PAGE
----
Appreciation for rain – Anthony…
Amongst the things that came out of the Nature Culture Regeneration weekend we attended recently was the idea of verbalising an appreciation as a way of bringing our attention to something special we notice each day.
Today it was easy to find that appreciation- the blessed rain.
In the hottest driest part of the year, when all vegetables are in constant need of water and animals, including the humans on site, all need this precious resource, we can run very low. Very low!
The last few weeks have seen us having to be incredibly frugal- using the washing-up water to irrigate the plants in the garden and washing in the pond (though obviously without soap!)
Showers have been massively rationed, even though the solar thermal panels have given us plenty of scorching hot water in the cylinder.
As of 7am this morning (Sunday) all of our stores were basically out. Other than the pond, no water but for the small amount a minute or so of pumping from the borehole produced. Then… one drop… two… and then it came down properly and whilst its not quite the same as monsoon season in drier countries, the relief and joy, the smell of water on soil, the feel of it on our skin… well you get the picture!
All our downpipes have been used to fill every receptacle we could find- and when they were full we have set up a gutter run to take the rest into the pond (which has dropped by about 5”).
I would therefore like to voice my appreciation for this precious life giving rain.
Appreciation for rain – Ele
As the gardener at Pentiddy I am acutely aware of our water situation. We have ensured that we can collect whatever falls when it falls so our storage capacity is good but when it doesn’t fall for 3 months things get a little tricky. I have been amazed however at how much easier it’s been with the garden since moving over to a no-dig-system last year. The plants’ need for extra water has been noticeably less. I have only really watered in the polytunnel and on new seedlings. The garlic didn’t swell as I would have liked but everything else has been fine. As we completely ran out I made a point of mulching around the new pea transplants so the water they got when planted wasn’t lost to evaporation in the very hot polytunnel.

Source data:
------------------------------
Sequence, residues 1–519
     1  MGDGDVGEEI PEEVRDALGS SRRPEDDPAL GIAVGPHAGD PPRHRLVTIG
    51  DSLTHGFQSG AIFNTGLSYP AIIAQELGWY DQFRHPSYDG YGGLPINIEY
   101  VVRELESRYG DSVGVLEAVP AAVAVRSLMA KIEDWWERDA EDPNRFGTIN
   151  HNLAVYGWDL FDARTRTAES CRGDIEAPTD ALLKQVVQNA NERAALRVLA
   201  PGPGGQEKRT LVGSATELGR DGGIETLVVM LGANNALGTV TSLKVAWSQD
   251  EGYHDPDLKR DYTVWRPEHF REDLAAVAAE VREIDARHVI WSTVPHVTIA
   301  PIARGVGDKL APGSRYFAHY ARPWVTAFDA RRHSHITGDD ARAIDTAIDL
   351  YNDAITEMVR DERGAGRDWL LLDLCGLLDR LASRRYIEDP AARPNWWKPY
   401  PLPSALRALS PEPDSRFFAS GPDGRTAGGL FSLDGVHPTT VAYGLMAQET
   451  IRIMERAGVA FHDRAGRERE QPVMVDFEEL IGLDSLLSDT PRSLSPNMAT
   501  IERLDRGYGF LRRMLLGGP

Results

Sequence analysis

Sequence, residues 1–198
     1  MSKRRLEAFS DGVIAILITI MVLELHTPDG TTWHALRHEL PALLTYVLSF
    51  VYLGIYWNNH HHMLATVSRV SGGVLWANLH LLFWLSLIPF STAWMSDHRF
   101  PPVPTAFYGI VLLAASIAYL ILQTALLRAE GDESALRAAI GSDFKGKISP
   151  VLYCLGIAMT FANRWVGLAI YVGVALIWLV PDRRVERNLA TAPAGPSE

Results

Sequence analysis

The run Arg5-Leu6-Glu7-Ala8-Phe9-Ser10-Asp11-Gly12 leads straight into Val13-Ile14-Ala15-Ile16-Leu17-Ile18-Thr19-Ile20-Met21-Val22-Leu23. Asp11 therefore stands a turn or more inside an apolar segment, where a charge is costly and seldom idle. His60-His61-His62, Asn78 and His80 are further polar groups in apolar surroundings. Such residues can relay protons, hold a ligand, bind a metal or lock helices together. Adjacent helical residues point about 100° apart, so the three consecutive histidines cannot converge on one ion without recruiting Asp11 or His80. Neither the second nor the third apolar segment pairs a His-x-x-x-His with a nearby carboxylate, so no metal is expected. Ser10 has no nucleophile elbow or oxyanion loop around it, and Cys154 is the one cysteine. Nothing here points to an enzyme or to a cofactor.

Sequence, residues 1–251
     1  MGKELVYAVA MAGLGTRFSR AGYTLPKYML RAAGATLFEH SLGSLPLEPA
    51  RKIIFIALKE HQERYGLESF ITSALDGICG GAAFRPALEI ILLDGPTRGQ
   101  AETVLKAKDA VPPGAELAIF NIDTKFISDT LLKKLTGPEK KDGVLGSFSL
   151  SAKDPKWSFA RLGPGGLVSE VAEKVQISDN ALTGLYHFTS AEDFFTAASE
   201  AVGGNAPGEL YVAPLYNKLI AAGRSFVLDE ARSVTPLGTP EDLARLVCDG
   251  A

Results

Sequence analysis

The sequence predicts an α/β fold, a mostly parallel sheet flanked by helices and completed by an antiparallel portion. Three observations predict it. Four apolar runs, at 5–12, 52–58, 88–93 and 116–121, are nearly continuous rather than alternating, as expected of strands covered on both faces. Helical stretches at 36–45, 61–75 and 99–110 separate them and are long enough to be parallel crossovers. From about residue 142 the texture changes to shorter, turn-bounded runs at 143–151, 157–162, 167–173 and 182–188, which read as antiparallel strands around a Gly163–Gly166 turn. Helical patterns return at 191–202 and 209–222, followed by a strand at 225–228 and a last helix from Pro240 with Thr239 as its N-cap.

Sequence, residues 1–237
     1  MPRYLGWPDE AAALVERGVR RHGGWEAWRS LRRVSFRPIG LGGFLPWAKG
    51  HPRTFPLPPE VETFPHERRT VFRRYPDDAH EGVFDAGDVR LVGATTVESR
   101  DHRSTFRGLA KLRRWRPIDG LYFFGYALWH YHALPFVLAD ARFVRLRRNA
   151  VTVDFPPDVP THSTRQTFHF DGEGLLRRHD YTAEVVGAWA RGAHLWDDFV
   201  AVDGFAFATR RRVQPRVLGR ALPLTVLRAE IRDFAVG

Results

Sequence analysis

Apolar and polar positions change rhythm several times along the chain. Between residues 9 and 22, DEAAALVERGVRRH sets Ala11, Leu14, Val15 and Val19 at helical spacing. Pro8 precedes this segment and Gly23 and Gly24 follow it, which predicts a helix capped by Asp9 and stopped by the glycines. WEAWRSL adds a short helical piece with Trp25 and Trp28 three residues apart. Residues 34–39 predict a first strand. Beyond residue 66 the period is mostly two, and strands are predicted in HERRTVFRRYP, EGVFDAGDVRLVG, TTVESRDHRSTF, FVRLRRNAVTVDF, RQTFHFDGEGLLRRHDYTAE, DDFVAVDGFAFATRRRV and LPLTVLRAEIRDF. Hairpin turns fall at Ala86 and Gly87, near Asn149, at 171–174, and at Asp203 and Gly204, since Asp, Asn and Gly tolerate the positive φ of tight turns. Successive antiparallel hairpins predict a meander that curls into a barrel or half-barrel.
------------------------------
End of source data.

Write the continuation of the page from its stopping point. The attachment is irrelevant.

Knowing the pond was there as an emergency reservoir made a huge difference and what a luxury to be able to bathe in deep water during a ‘drought’. Without today’s rain I would have been filling watering cans from the pond for the polytunnel so we still actually had 50m3 (50,000litres) of water available to us but the wildlife in the pond (including the kids) might have had something to say about us draining that!!
Context: Without a mains connection we rely entirely on what we can gather here. Our ‘main’ supply which feeds the house comes from a store collected from the barn roof at the top of the site (currently 4500 litres but another 1500 litre tank being installed soon).
As well as this store we have a range of other tanks collecting rainwater and greywater from the other structures on site, notably the house (3 tanks from various downpipes/outlets totalling 3500 litres). A few other smaller water butts and excluding the pond and what small amount we can pump from the borehole that’s our total available water. About 9000 litres (with the new tank 10500 litres)
It’s been a very quiet couple of months here with our volunteers all off on various courses and adventures. Tim is presently helping our friend Jeremy with his cob building at Velwell and is then continuing on to look at a bit more of the outside world before deciding whether to return. The other 3 return tomorrow and we’re having a couple of concentrated weeks on charcoal making, firewood prep and liming the roundhouse. It’ll be great to have them all back again. It’s then Summer craziness until the new interns start in October. We’ll introduce them to you soon……..
So much to say but even more to do so we’ll leave it there for now.